Utah’s Greatness Lies in the Strength of its People
Since announcing my candidacy for governor, my wife Abby and I have visited 198 of Utah’s 248 cities and towns — only 50 more to go. Along the way, we’ve knocked on dozens of doors, joined more than 40 community service projects and met with thousands of Utahns from Snowville to Monticello.
In my travels, I’ve seen Utahns interact with their neighbors, families and friends. Their examples of service and sacrifice impress and inspire. These examples also remind me that government alone can’t solve many of our problems, but strong communities working together can. Utah’s greatness lies not in its government but in the strength and character of its people.
I’ve thoroughly enjoyed visiting every corner of the state this year, especially as it’s given me the chance to introduce myself to many new friends.
I tell them that I’m a lifelong Utahn. I was born here, and besides graduate school and a foreign mission, have never left. I’m raising my kids on the farm my great-great-great grandfather settled more than 160 years ago. Everything I need in a home, a career and a community is all here. That’s why, if I am fortunate enough to be elected governor, I pledge to complete any term to which I am elected and run for no more than two terms. This campaign is neither a stepping stone, nor is it laying the groundwork for a bigger job.
I tell them I’m a lifelong Republican. I stand by the core Republican principles of strong families, fiscal responsibility, federalism, the sanctity of life, self-reliance, compassion and limited government. While every party has its challenges, I am proud of the core tenets of my party and believe our country is best served when we adhere to its founding values.
I share my passion for business. While many know of my service on the city council and as mayor, county commissioner, state legislator and lieutenant governor, it is less known that the Cox family has operated a telecommunications company for more than 100 years in Sanpete County. Like any business, we’ve adapted with technology and now install fiber optics for Utah’s most successful tech companies. As governor, I’ll make sure Utah continues to be the “Startup State” with low taxes, fewer regulations and minimal government intervention.
In each town, I’m also asked, “Why are you running?”
First and foremost, I’m running to transform Utah’s education system. Our current approach leaves too many kids behind and often emphasizes the wrong outcomes. We have a persistent teacher shortage and our under-compensated educators are constrained by excessive mandates, assessments and antiquated approaches that prevent them from connecting with students. When teachers lose the joy of teaching, students lose the joy of learning. Much of the fault lies with our own state policies that prioritize test scores over students.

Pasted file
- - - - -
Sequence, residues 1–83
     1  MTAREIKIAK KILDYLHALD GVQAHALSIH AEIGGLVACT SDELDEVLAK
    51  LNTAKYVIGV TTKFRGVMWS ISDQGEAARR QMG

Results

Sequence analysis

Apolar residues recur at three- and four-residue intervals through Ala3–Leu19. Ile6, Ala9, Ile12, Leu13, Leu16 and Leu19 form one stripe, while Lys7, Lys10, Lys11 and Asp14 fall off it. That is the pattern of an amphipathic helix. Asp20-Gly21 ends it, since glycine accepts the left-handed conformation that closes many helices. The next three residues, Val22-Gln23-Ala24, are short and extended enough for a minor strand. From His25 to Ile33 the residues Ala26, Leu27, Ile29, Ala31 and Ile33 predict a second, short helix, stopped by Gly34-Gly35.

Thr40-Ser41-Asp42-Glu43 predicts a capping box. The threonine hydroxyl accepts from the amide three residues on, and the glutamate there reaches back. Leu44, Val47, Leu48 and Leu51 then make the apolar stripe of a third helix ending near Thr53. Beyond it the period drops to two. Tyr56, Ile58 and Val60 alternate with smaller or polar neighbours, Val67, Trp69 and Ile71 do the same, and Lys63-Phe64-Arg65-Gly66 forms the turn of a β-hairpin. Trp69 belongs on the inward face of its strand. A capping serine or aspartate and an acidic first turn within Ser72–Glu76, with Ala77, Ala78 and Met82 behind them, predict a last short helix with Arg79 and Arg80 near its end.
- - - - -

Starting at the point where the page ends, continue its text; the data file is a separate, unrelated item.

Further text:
Additionally, no one is held accountable for our state’s education successes or failures. Utah needs a governor who can act as a bold CEO — Chief Education Officer — who will be held accountable and knows how to advance the systemic reforms our schools need. We must continue the vision to make Utah’s education system the best in the nation. That’s exactly what I intend to do.
I’m running because I want to upgrade and consolidate our government. Utah’s state government is an $18 billion enterprise, and like any large organization, it needs constant scrutiny to stay lean and focused. Gov. Herbert and I have made state government more efficient and saved Utah taxpayers more than $2 billion by reducing the number of state employees from one state employee per 127 residents to one employee per 154 residents. This is only the beginning, and a new administration is the perfect time to make government even more streamlined and modern.
I’m running because I want to give rural Utahns the voice they deserve. During my time as lieutenant governor, we created the Rural Online Initiative, a way to move more employment opportunities to rural Utah. Not only has this decreased congestion along the Wasatch Front and saved taxpayer dollars, it allows locals to remain in their remote communities with good-paying careers. A Cox administration will represent all 29 counties and make certain rural Utah is not forgotten.
And finally, I’m running because politics is fundamentally broken in our country. It has become a competition to tear people down instead of a competition of ideas and bringing people together. Our willingness to help our neighbors and desire to collaborate to solve problems makes us unique in this increasingly toxic environment of tribalism. I’ve seen it growing up in Fairview and in every town we’ve visited this year.
Utah has the potential to show the rest of the country how to treat one another, reach consensus on difficult issues and build thriving communities. I couldn’t be more grateful for the chance I’ve had to serve Utah, and — with your help — we can do even more.
Lt. Gov. Spencer Cox is a Republican gubernatorial candidate.